Search Images Maps Play YouTube News Gmail Drive More »
Sign in
Screen reader users: click this link for accessible mode. Accessible mode has the same essential features but works better with your reader.

Patents

  1. Advanced Patent Search
Publication numberUS5991867 A
Publication typeGrant
Application numberUS 08/713,211
Publication dateNov 23, 1999
Filing dateSep 12, 1996
Priority dateSep 12, 1996
Fee statusPaid
Publication number08713211, 713211, US 5991867 A, US 5991867A, US-A-5991867, US5991867 A, US5991867A
InventorsKlaus S. Fosmark
Original AssigneeEfficient Networks, Inc.
Export CitationBiBTeX, EndNote, RefMan
External Links: USPTO, USPTO Assignment, Espacenet
Transmit scheduler for an asynchronous transfer mode network and method of operation
US 5991867 A
Abstract
A transmit scheduler and method of operation are provided for an asynchronous transfer mode network. The transmit scheduler is operable to write data to and read data from a scheduler table and a virtual channel identifier ("VCI") table in order to schedule cells for virtual channels. The transmit scheduler calculates a location in the scheduler table in which to schedule a cell for a current virtual channel and determines whether a cell for a prior virtual channel is scheduled in the calculated location in the scheduler table. The transmit scheduler then schedules the cell for the current virtual channel at the calculated location in the scheduler table. If a cell for a prior virtual channel was scheduled in the calculated location in the scheduler table, the transmit scheduler writes a pointer into a next pointer field of a record for the current virtual channel in the VCI table, where the pointer provides a link to a record for the prior virtual channel in the VCI table. The transmit scheduler is thereby operable to build linked lists beginning at each location in the scheduler table in which cells for more than one virtual channel are calculated to be scheduled.
Images(4)
Previous page
Next page
Claims(14)
What is claimed is:
1. A transmit scheduler for an asynchronous transfer mode network:
the transmit scheduler operable to write data to and read data from a scheduler table and a virtual channel identifier (VCI) table in order to schedule cells for virtual channels by:
using a first pointer and a second pointer to maintain position within the scheduler table, the first pointer indicating a current location and the second pointer indicating a virtual location;
determining from the scheduler table which virtual channel is currently scheduled for processing by a segmenter;
calculating a location in the scheduler table in which to schedule a cell for the current virtual channel;
determining whether a cell for a prior virtual channel is scheduled in the calculated location in the scheduler table;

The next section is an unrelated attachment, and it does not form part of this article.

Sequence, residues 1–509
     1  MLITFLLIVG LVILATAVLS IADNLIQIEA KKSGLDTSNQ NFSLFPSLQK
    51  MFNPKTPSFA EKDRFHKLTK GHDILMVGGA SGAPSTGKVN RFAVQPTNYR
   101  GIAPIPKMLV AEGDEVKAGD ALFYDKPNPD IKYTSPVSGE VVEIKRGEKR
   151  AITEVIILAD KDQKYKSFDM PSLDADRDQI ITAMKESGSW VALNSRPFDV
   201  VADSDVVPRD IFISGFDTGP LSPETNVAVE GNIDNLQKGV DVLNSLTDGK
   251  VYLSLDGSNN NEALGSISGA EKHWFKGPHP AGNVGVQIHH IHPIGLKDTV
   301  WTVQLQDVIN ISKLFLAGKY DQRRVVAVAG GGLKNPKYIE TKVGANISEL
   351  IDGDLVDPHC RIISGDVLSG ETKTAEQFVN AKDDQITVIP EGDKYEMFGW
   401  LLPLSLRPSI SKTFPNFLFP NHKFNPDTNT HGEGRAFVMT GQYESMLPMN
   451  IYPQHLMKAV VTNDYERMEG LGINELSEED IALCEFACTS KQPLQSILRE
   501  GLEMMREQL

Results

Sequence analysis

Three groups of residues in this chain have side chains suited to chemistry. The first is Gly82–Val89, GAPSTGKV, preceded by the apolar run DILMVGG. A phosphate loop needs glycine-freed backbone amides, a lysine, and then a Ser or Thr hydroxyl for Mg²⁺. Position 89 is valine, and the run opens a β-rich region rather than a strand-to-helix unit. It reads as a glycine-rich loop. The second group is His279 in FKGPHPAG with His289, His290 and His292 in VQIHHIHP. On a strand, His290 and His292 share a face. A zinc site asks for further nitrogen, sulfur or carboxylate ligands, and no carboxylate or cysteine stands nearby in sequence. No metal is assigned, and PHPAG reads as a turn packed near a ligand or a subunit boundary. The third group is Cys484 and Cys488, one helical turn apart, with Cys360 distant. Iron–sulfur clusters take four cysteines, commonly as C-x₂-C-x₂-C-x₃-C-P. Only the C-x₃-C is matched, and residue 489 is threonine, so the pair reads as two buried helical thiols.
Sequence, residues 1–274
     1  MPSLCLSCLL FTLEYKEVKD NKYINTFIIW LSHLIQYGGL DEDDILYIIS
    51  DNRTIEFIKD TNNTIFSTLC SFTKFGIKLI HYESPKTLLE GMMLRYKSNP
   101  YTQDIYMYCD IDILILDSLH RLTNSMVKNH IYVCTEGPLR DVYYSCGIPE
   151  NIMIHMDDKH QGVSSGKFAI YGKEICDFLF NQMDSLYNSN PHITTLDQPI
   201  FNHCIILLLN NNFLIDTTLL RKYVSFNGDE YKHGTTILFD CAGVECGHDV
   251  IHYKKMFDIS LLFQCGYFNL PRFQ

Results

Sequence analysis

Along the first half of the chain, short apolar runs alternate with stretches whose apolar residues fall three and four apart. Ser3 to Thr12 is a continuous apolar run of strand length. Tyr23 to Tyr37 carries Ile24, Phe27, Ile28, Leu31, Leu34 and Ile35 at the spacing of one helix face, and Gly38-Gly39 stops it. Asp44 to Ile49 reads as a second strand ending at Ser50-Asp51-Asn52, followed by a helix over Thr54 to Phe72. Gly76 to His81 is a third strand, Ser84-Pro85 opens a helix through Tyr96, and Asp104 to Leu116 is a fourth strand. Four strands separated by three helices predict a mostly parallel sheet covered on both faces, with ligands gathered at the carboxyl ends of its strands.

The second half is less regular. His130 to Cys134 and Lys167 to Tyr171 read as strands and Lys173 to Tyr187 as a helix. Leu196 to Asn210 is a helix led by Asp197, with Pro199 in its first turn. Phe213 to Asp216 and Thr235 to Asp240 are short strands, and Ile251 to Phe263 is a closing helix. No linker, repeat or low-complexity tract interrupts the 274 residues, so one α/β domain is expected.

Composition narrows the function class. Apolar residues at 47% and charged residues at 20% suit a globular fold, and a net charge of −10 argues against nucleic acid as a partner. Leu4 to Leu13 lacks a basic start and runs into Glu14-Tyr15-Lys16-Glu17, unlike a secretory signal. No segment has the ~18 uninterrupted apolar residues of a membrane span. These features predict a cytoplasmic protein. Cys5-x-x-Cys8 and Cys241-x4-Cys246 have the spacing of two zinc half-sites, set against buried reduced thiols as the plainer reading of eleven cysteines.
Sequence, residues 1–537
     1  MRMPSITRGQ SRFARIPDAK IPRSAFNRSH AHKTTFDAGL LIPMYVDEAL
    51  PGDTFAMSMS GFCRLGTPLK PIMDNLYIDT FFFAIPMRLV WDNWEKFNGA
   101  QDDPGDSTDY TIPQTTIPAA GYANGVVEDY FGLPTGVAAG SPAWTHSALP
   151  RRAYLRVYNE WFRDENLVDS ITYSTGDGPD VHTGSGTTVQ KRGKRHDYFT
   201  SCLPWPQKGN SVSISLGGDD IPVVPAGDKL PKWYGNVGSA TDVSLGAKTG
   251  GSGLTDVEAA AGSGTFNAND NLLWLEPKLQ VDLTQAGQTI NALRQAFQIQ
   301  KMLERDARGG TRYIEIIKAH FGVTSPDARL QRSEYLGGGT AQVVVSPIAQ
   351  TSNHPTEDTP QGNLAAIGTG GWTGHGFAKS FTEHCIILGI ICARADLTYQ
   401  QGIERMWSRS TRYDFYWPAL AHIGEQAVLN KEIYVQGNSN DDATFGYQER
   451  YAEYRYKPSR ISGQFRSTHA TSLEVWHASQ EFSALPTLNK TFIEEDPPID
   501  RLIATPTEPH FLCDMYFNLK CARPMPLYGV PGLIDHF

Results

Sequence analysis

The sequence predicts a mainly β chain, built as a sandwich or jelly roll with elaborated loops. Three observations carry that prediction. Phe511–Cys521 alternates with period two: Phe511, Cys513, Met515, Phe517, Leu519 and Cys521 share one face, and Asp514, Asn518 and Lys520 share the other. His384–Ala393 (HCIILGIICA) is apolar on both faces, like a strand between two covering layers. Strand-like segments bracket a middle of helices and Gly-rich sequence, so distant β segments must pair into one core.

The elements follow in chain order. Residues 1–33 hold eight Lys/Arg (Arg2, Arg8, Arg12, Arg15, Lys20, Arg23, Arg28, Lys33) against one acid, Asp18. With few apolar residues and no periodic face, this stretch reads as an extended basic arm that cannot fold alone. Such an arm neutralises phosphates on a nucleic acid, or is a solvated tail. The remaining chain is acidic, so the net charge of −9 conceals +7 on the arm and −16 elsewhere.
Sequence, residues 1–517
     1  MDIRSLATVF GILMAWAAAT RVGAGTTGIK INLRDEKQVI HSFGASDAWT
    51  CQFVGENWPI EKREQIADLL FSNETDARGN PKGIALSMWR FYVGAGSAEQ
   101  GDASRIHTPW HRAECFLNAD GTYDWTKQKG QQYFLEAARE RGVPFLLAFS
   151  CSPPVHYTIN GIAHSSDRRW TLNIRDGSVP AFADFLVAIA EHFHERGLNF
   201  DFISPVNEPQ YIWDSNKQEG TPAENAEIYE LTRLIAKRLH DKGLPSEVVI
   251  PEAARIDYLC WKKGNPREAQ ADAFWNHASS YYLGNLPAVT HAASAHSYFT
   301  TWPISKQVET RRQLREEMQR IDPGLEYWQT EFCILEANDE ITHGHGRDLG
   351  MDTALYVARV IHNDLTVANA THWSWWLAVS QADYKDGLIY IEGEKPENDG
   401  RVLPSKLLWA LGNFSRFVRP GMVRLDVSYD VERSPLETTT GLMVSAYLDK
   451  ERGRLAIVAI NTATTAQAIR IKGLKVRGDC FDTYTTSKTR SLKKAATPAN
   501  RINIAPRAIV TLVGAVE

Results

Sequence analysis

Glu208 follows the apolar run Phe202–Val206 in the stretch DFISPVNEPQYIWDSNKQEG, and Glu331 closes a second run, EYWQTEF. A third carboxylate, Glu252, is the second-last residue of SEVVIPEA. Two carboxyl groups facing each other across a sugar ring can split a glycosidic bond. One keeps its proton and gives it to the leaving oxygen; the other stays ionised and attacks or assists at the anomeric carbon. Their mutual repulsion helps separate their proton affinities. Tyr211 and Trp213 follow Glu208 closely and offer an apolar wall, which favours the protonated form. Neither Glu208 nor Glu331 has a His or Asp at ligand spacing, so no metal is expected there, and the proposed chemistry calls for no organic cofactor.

scheduling the cell for the current virtual channel at the calculated location in the scheduler table; and
writing a pointer into a next pointer field of a record for the current virtual channel in the VCI table if a cell for a prior virtual channel was scheduled in the calculated location in the scheduler table, the pointer providing a link to a record for the prior virtual channel in the VCI table;
such that the transmit scheduler is operable to build linked lists beginning at each location in the scheduler table in which cells for more than one virtual channel are calculated to be scheduled.
2. The transmit scheduler of claim 1, wherein the transmit scheduler increments the second pointer when a cell is placed into a FIFO queue by the segmenter.
3. The transmit scheduler of claim 1, wherein the transmit scheduler increments the second pointer when a cell is placed into a FIFO queue by the segmenter, but does not increment the second pointer when a cell is placed into the FIFO queue if the second pointer is more than a defined distance ahead of the first pointer.
4. The transmit scheduler of claim 1, wherein the transmit scheduler increments the second pointer when a cell is placed into a FIFO queue by the segmenter and increments the first pointer to skip locations holding a value of zero until a location holding a scheduled virtual channel is reached in order to catch the second pointer when the second pointer is ahead.
5. An adapter for an asynchronous transfer mode network, comprising:
a memory operable to hold a scheduler table, a virtual channel identifier (VCI) table, and a FIFO queue, the scheduler table having a plurality of locations for scheduling cells for virtual channels, the VCI table having a record for each of a plurality of active virtual channels, and the FIFO queue having cells for transmission across an asynchronous transfer mode network; and
a segmenter coupled to and operable to access the memory, the segmenter further operable to retrieve data, build cells based upon the retrieved data, and place the cells into the FIFO queue for transmission across the asynchronous transfer mode network; and
the segmenter comprising a transmit scheduler operable to write data to and read data from the scheduler table and the VCI table in order to schedule cells for virtual channels by:
using a first pointer and a second pointer to maintain position within the scheduler table, the first pointer indicating a current location and the second pointer indicating a virtual location;
determining from the scheduler table which virtual channel is currently scheduled for processing by the segmenter;
calculating a location in the scheduler table in which to schedule a cell for the current virtual channel;